Last month DC and Bruce Timm announced they will be creating an animated film adaptation of Alan Moore and Brian Bolland’s [easyazon_link identifier=”1401216676″ locale=”US” tag=”bounintocomi-20″]Batman: The Killing Joke[/easyazon_link] to be released in 2016.
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This announcement has already generated quite a bit of buzz among fans as they hoped Mark Hamill and Kevin Conroy would reprise their roles of portraying The Joker and Batman respectively. Fans got one of their wishes as Collider reported Hamill was confirmed for the role and had actually already “recorded his voice acting for the film.” Conroy hasn’t been confirmed but he commented on the possibility in an interview with ComicBook.com, “Oh, God! Are you kidding me? I’d do it in a heartbeat. I love working with him. I couldn’t believe when they killed off The Joker. I would love to do it, and I hope that that happens.”
Unfortunately, not everyone is excited or even happy about the announcement of an animated adaptation of Batman: The Killing Joke. It probably was to be expected given the furor regarding a variant cover of Batgirl #41 that paid tribute to Alan Moore’s one-shot.
Donna Dickens at HitFix believes, “It’s time to let The Killing Joke die.” Her reasoning? The story focused on “the exploitative victimization of a major female superhero” and it isn’t fit for a modern audience.
Sam at The Maniacal Geek wrote an open letter to Bruce Timm asking that Barbara be completely removed from the story. Sam stated she “would prefer she (Barbara Gordon) not be featured rather than sit through a movie that’s just going to be uncomfortable on all accounts.”
Let’s address Dickens main critique regarding the brutal victimization of Barbara Gordon. She is right, it happens, there is no denying it. The Joker brutally victimizes her. He puts a bullet through her stomach, paralyzing her, and then takes nude pictures of her. However, The Joker does just as terrible acts to her father, Jim Gordon. He has minions undress him, torture him, and drag him around with a choker collar. This is all done before The Joker exposes the photos of Barbara to Jim and then locks him naked in a cage in the middle of a rainstorm.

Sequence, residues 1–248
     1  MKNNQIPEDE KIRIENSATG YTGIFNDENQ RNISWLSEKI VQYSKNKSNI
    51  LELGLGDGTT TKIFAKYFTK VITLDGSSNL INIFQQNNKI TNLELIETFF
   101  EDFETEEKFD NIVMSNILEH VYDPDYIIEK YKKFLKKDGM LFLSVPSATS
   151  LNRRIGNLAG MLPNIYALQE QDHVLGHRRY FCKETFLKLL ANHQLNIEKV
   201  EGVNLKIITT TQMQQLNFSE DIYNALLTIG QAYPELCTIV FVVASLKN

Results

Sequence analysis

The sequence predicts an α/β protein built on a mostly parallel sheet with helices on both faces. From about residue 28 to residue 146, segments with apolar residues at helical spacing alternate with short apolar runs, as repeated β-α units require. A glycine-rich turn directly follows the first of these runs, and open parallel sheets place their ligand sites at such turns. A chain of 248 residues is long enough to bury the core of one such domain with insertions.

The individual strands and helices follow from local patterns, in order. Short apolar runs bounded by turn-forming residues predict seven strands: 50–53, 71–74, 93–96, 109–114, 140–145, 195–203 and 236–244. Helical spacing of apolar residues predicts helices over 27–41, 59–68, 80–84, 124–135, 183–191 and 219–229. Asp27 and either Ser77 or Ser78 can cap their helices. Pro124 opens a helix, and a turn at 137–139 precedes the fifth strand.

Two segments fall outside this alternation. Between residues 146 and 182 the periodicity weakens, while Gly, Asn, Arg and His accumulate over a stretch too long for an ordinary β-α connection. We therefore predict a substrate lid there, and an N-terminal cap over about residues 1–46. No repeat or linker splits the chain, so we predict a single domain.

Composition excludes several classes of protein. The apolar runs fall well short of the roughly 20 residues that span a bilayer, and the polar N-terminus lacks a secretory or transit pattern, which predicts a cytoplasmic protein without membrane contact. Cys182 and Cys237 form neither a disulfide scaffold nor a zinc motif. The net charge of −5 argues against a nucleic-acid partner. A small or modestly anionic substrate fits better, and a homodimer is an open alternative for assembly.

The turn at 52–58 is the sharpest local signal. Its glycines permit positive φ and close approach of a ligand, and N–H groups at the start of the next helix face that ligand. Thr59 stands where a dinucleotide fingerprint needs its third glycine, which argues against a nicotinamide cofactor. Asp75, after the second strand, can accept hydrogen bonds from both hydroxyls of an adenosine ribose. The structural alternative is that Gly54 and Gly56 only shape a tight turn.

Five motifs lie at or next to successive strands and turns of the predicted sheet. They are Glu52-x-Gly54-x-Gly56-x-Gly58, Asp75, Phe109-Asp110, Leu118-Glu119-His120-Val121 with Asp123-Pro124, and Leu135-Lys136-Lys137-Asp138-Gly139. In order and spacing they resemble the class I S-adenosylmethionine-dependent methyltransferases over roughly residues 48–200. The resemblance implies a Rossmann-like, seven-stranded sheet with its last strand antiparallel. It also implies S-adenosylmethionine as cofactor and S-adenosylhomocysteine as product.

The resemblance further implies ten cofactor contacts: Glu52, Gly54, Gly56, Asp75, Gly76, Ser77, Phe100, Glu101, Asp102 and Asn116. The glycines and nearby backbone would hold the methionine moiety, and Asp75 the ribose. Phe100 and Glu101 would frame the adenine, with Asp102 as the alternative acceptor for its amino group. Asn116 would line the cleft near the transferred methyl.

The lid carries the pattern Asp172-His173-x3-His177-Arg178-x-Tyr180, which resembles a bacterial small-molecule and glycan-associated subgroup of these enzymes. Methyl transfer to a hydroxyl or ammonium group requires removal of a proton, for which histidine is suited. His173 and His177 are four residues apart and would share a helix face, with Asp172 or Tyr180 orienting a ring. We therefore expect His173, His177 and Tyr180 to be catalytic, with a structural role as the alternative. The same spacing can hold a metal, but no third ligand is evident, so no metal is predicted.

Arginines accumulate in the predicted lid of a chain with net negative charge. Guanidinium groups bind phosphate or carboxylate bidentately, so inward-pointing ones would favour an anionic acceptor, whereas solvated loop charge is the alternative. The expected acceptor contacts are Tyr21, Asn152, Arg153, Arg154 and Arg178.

Why isn’t Dickens complaining about the base violence and humiliation done to Jim Gordon? Some argue that Jim has some agency, or capability to act, and he can respond to The Joker’s attacks while Barbara had none. This is false. Jim and Barbara Gordon are both victims without agency. Barbara is stuck in a hospital bed, while Jim is naked and caged in the middle of a downpour. They rely on Batman to act and be their agency.
This brings us to Sam’s point about feeling uncomfortable due to violence. Should we feel uncomfortable when we see violence? It depends on the type of violence. Watching giant robots in movies like Transformers or Pacific Rim doesn’t really create an uncomfortable feeling. However, television shows such as Criminal Minds definitely evoke uncomfortable feelings. Shows like this do the same thing that [easyazon_link identifier=”1401216676″ locale=”US” tag=”bounintocomi-20″]The Killing Joke[/easyazon_link] does. They depict heinous violence whether it is kidnapping, torturing, dressing women up as dolls, or murdering young men to be used as fertilizer. They show the wrongness of these acts and the immoral attitude of the criminals. They show us right from wrong. In the case of the Batman: The Killing Joke, the acts of The Joker are obviously wrong.
Reddit user lokuas also gives a unique perspective on the role of art and media. “Media isn’t supposed to make us all warm and fuzzy inside. The best art always makes us question ourselves, it makes us uncomfortable, it makes us think. If we only made things that were devoid of questionable content, there would be no media worth partaking in.”
Another criticism Sam and Dickens level at an animated adaptation is, in their minds, it does not appeal to a specific targeted audience, primarily women. Let’s take their assumption at face value. Why does [easyazon_link identifier=”1401216676″ locale=”US” tag=”bounintocomi-20″]Batman: The Killing Joke[/easyazon_link] have to be targeted towards a female audience? It doesn’t. But let’s look at some of the audiences it does appeal to. Newsarama rated it the #1 Best Batman and Joker Story of All Time. Den of Geek has it on their list of 10 Essential Joker Stories. What Culture has it as #1 on their 10 Best Batman & Joker Stories Ever Written. IGN has it ranked 3rd on their 24 Greatest Batman Graphic Novels list.
Lastly, Sam makes a final push attempting to avoid the “don’t watch it, if you don’t like it” criticism. She believes this is irrelevant because DC validates the story and its violence towards Barbara. Unfortunately, this argument doesn’t hold water. If all new superhero stories which involve any type of violence be it against a man, woman, or child were eliminated, we wouldn’t have many superhero stories to read anymore. These stories are based on exceptional individuals protecting other people from evil and violence! If you don’t want to read, watch, or take in violence you are in for a rude awakening because the world is full of it. I might suggest Harry Potter or The Hunger Games. Oh wait, hundreds of people are killed in those novels. I mean even The Care Bears has violence in it!
I look forward to seeing Bruce Timm’s Batman: The Killing Joke animated adaptation and who knows maybe we will even get to see Oracle make an appearance at the end!